Remote sensing can aid in identifying and locating indicators of wind power potential from the terrestrial, marine, and atmospheric environments (i.e.: wind-deformed trees, white caps, and areas of thermal flux). It is not considered as a tool for determining wind power potential. A wide variety of remotely sensed evidence is described in terms of the scale at which evidence of wind power can be identified, and the appropriate remote sensors for finding such evidence. Remote sensing can be used for regional area prospecting using small-scale imagery. The information from such small-scale imagery is most often qualitative, and if it is transitory, examination of a number of images to verify presistence of the feature may be required. However, this evidence will allow rapid screening of a large area. Medium-scale imagery provides a better picture of the evidence obtained from small-scale imagery. At this level it is best to use existing imagery. Criteria relating to land use, accessibility, and proximity of candidate sites to nearby transmission lines can also be effectively evaluated from medium-scale imagery. Large-scale imagery provides the most quantitative evidence of the strength of wind. Wind-deformed trees can be identified at a large number of sites using only a few hours in locally chartered aircraft. A handheld 35mm camera can adequately document any evidence of wind. Three case studies that employ remote sensing prospecting techniques are described. Based on remotely sensed evidence, the wind power potential in three geographically and climatically diverse areas of the United States is estimated, and the estimates are compared to actual wind data in those regions. In addition, the cost of each survey is discussed. The results indicate that remote sensing for wind power potential is a quick, cost effective, and fairly reliable method for screening large areas for wind power potential.

  14. Brine contamination of ground water and streams in the Baxterville Oil Field Area, Lamar and Marion Counties, Mississippi. Water resources investigation

    SciTech Connect (OSTI)

    Kalkhoff, S.J.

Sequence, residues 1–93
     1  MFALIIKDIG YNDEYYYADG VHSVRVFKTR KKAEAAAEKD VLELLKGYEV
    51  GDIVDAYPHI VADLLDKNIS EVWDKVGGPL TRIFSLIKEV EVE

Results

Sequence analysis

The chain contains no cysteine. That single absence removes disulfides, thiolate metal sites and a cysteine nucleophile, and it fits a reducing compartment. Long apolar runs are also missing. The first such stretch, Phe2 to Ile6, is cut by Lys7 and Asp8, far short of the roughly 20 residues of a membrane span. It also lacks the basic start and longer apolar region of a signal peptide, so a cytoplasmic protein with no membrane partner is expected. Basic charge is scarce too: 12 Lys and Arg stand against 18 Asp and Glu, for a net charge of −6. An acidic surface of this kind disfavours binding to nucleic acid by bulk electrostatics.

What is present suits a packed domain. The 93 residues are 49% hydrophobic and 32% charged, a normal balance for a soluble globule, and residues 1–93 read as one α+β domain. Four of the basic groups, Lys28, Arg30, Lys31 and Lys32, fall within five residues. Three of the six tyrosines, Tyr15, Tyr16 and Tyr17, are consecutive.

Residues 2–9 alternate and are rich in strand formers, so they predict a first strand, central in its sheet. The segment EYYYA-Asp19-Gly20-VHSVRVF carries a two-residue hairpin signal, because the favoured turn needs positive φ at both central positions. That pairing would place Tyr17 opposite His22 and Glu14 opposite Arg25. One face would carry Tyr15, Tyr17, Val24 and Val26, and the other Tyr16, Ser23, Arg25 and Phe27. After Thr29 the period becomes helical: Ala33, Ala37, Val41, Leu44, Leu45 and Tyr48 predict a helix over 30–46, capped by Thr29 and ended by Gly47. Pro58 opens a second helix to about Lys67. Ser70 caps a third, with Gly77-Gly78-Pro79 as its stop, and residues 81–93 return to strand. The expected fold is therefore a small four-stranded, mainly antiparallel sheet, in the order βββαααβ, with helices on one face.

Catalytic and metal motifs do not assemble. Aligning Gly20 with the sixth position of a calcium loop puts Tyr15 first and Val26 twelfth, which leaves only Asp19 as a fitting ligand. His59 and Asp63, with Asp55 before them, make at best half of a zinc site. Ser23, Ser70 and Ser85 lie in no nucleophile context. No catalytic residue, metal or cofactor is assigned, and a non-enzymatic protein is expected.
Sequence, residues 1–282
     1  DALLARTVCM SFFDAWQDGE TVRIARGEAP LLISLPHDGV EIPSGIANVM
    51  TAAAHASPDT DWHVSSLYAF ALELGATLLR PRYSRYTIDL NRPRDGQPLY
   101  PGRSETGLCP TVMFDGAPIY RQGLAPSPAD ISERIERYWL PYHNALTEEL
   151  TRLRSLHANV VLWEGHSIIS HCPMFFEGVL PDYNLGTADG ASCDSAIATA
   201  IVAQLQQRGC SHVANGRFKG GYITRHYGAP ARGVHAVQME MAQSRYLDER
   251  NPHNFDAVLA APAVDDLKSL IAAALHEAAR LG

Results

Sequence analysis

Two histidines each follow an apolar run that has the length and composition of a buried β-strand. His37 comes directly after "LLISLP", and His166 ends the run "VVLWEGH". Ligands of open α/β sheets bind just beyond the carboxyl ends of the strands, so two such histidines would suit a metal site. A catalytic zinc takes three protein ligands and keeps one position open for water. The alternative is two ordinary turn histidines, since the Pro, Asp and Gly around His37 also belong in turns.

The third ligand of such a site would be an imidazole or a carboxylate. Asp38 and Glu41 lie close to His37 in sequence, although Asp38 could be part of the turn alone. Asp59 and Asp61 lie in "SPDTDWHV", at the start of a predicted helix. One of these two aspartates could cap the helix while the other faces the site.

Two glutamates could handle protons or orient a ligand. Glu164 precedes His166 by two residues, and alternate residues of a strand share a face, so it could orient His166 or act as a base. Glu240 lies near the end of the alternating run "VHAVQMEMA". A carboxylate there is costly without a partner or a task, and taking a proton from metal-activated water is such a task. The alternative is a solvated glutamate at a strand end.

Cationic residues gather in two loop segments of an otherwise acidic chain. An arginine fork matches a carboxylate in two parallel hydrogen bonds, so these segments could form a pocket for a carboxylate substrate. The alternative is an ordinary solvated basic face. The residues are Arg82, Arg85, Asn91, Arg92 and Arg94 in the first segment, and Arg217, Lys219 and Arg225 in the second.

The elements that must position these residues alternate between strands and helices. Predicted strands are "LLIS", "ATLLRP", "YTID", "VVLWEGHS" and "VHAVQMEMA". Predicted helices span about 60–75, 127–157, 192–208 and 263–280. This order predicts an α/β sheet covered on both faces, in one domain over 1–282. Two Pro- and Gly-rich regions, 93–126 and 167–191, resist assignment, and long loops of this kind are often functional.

1993-12-31T23:59:59.000Z

    The report defines the extent of oil-field-brine contamination in ground water and streams in the Baxterville oil field area. The report is based largely on data collected during the period October 1984 through November 1985. Water samples were collected from streams and wells in the study area. Data from a previous study conducted in the vicinity of the nearby Tatum Salt Dome were used for background water-quality information. Natural surface-water quality was determined by sampling streamflow from a nearby basin having no oil field activities and from samples collected in an adjacent basin during a previous study.

  15. HYPERSPECTRALHYPERSPECTRALHYPERSPECTRALHYPERSPECTRAL REMOTE SENSINGREMOTE SENSING

    E-Print Network [OSTI]

    Gilbes, Fernando

    Mapping Forestry Resource management Oceanography Hyperspectral Geology Mining Mapping Ecology Surveillance Data

  16. The last six weeks have seen substantial progress in several areas: a federal budget that preserved investments in discovery research, committed new resources

    E-Print Network [OSTI]

    Aamodt, Tor

    collective work in this area. a Board retreat that considered the progress on AUCC's renewal agenda and new Electric Canada reflect on how universities are contributing to a stronger Canada. We held a frank dialogue with college leaders in an effort to build a broader discussion on Canada's education agenda. Many members

  17. Sheridan, S.C. and L.S. Kalkstein, 1998: Health watch/warning systems in urban areas. World Resource Review, 10, 375-383.

    E-Print Network [OSTI]

    Sheridan, Scott

    excessive heat, in increasing morbidity and mortality in urban areas (Pennsylvania Emergency Management has been shown to be a statistically significant predictor of elevated human mortality during hot on buildings (Kalkstein and Davis 1989). Also, wind speed is a desiccating factor and adds heat load

  18. IEEE JOURNAL ON SELECTED AREAS IN COMMUNICATIONS, VOL. 28, NO. 7, SEPTEMBER 2010 1063 Fair Energy-Efficient Resource Allocation in

    E-Print Network [OSTI]

    Wang, Xin

    IEEE JOURNAL ON SELECTED AREAS IN COMMUNICATIONS, VOL. 28, NO. 7, SEPTEMBER 2010 1063 Fair Energy-Efficient Abstract--In this paper we consider the energy-efficient re- source allocation that minimizes a general-called -fair cost functions is derived to balance the trade- off between efficiency and fairness in energy-efficient

  19. Remote switch actuator

    DOE Patents [OSTI]

    Haas, Edwin Gerard; Beauman, Ronald; Palo, Jr., Stefan

    2013-01-29T23:59:59.000Z

    The invention provides a device and method for actuating electrical switches remotely. The device is removably attached to the switch and is actuated through the transfer of a user's force. The user is able to remain physically removed from the switch site obviating need for protective equipment. The device and method allow rapid, safe actuation of high-voltage or high-current carrying electrical switches or circuit breakers.

  20. Remote repair appliance

    DOE Patents [OSTI]

    Heumann, F.K.; Wilkinson, J.C.; Wooding, D.R.

    1997-12-16T23:59:59.000Z